The most impressive and amazing scenery for him was the vast desert. It was an endless, desolate ground, where he felt as if there was nothing on earth he could look to for help. Suddenly, he could see how the only relief one might find, could be the belief in the existence of a God in some far distant heaven. Certainly in this desolate desert it was much more challenging to see God in nature, as he was accustomed to doing in Japan. He felt this experience of the desert might be the most important aspect of how monotheism came into being in the world.
When Professor Yamaori returned to Japan, he further considered the profound difference of Japanese nature compared to that he had experienced in Israel. Japan is covered with green; rivers flow, rain falls, and the world seems to be overflowing with abundant nature. From the distance of mountain peaks where ancient trees grow thickly, we can hear the voices of the gods. On the ground in many places there are signs of the gods and of the dead, and sometimes these voices in nature become the voices of our ancestors. The Japanese people have lived in this way for thousands of years. There was no need to look to a God in a far distant heaven when one is surrounded by lush nature. You can see that our Japanese ancestors lived amidst a rich abundance of nature where polytheism would very naturally come into existence. Contrast this to the people living amidst the vast deserts adjacent to ancient Palestine, and we can see how naturally one might develop faith in a monotheistic God in heaven.
Takeshi Umehara is a philosopher who, along with Professor Yamaori, is also an Emeritus Professor at the International Research Center for Japanese Studies in Kyoto. I want to share with you Professor Umehara’s exploration of the inextricable blend of nature and spirituality in Japan. Much of what follows is paraphrased from his writings.
It is claimed that rice cultivation was introduced to Japan about 3,000 years ago. During the 10,000 years that preceded rice cultivation, there was a hunter–gatherer era known as the Jōmon Period.1 Japan, being surrounded by ocean, developed a culture of fishing and flourished during this period.
Professor Umehara writes that all natural beings have a spiritual aspect that surrounds each of us. British anthropologist, Edward B. Tyler called this animism. Before farming and the domestication of livestock, all human beings were hunter–gatherers, and we see this animism throughout all cultures of the world during this period. They believed that every being had an inner spirit and that the gods were everywhere.
In Japan, these beliefs evolved into Shintoism, the traditional polytheistic religion of Japan. In Shintoism there is a mountain god that lives in the mountain and a sea god that lives in the sea. The god of thunder causes thunder, and animals such as wolves were believed to have power far beyond that of humans. Enshrining and worshiping all of these nature powers as gods was done to show reverence and to humbly ask these nature gods to be kind to humans. That is the fundamental principle of Shintoism.
Professor Umehara talks about—perhaps because he was born in Japan, which is blessed by abundant nature—how strongly he felt that nature is alive and attentive. Animals and plants live together with human beings, and the earth itself is alive. This is the way Professor Umehara views nature and the world. In that world there are many different kinds of plants and animals. It is a living world. It is alive! So, Professor Umehara questions how anyone could consider such a living world to be just a material world, merely following the rules of the physical sciences. He has deep doubts about any such scientific and material understanding of a living world.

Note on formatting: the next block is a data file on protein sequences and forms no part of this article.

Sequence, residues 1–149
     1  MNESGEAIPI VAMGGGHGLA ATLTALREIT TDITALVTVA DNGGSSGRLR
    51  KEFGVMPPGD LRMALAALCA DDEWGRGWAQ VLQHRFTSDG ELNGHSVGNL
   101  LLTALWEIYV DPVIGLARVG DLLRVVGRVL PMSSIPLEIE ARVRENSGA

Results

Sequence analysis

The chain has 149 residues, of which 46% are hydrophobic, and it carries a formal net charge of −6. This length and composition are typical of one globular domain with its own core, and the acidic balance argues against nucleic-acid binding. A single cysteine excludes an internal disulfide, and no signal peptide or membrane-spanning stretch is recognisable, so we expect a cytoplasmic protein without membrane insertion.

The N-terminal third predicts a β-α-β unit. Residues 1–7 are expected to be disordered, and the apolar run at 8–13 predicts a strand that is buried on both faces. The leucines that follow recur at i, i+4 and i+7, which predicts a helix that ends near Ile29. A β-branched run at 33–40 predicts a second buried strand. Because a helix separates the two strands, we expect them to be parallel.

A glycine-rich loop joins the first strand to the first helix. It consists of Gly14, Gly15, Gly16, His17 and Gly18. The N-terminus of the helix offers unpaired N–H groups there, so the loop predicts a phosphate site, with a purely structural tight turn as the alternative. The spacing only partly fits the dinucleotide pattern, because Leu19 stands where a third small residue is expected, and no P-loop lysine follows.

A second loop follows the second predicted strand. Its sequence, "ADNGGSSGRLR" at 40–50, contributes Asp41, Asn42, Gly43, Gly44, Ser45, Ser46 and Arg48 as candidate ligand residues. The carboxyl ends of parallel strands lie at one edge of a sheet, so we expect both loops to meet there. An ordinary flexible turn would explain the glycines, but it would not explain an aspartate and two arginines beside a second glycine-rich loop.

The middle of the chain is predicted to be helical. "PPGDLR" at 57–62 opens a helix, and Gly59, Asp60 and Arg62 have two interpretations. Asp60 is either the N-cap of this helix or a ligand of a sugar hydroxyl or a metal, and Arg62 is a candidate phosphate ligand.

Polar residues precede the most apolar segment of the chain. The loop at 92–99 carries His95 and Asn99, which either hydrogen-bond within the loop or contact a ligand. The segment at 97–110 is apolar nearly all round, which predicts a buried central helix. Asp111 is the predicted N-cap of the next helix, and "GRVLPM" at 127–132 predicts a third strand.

Human beings cannot live without killing other living things, both plants and animals. Without food, without shelter, we cannot survive. Our lives are dependent on other life forms. However, there is a world of difference between taking a life with reverence and gratitude, recognizing our connection and interdependence with nature, and killing as if nature is a material resource whose only value is to profit human beings. In this modern age, Professor Umehara points toward the importance
of sharing the philosophy of living together in harmony with all forms of life. He believes this must become the foundation of human philosophy if we are to survive.
My third and final example comes from one of Japan’s most beloved literary figures. I will share an excerpt from one of his stories. Kenji Miyazawa was an educator, poet, and children’s storywriter. He was born in 1896 in Iwate Prefecture, located in the northeast region of Japan, an area struck by the earthquake and tsunami two and a half years ago. This region was primarily an agricultural area that, during Kenji’s lifetime, was hit repeatedly by cold weather, causing a dramatic drop in harvest production. The suffering of farmers at this time surpasses what you could imagine. This humanitarian crisis is one of the primary reasons why Mokichi Okada, Shumei’s founder, who lived during this period, developed and advocated Natural Agriculture. In 1933, Kenji died of acute pneumonia. He was only 37. Based on his strong faith in Buddhism, Kenji spent most of his life devoted to and supporting poor farmers.
In the children’s stories written by Kenji, all manner of life, animals, plants—even rocks—are described as passionate, altruistic, sentient beings. Trees such as oak, willow, and ginkgo, and animals such as rats, foxes, wildcats and bears, appear as main characters in his stories. He describes a world where the soul passes from being to being and is reincarnated in life after life. It is sometimes a dog–eat–dog world where only the fittest survive. Yet at the same time it is also a world where living creatures are always willing to offer their lives in consideration for others’ needs.